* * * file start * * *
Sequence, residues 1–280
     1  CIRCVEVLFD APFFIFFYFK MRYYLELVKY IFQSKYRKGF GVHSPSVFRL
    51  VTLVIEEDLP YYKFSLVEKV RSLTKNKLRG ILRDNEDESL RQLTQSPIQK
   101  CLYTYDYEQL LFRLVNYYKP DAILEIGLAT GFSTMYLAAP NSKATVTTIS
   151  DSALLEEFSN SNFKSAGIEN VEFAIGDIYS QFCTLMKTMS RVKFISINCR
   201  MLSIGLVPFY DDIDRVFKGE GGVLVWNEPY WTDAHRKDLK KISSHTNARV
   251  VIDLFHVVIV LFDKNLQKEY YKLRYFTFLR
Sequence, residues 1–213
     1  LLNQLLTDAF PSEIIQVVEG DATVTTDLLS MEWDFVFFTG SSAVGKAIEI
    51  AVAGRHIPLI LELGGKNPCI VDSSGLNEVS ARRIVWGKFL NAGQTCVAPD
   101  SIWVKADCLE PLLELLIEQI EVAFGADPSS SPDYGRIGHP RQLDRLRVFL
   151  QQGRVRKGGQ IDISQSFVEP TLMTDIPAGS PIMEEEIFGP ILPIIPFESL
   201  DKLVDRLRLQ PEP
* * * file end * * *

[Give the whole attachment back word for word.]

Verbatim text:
Sequence, residues 1–280
     1  CIRCVEVLFD APFFIFFYFK MRYYLELVKY IFQSKYRKGF GVHSPSVFRL
    51  VTLVIEEDLP YYKFSLVEKV RSLTKNKLRG ILRDNEDESL RQLTQSPIQK
   101  CLYTYDYEQL LFRLVNYYKP DAILEIGLAT GFSTMYLAAP NSKATVTTIS
   151  DSALLEEFSN SNFKSAGIEN VEFAIGDIYS QFCTLMKTMS RVKFISINCR
   201  MLSIGLVPFY DDIDRVFKGE GGVLVWNEPY WTDAHRKDLK KISSHTNARV
   251  VIDLFHVVIV LFDKNLQKEY YKLRYFTFLR
Sequence, residues 1–213
     1  LLNQLLTDAF PSEIIQVVEG DATVTTDLLS MEWDFVFFTG SSAVGKAIEI
    51  AVAGRHIPLI LELGGKNPCI VDSSGLNEVS ARRIVWGKFL NAGQTCVAPD
   101  SIWVKADCLE PLLELLIEQI EVAFGADPSS SPDYGRIGHP RQLDRLRVFL
   151  QQGRVRKGGQ IDISQSFVEP TLMTDIPAGS PIMEEEIFGP ILPIIPFESL
   201  DKLVDRLRLQ PEP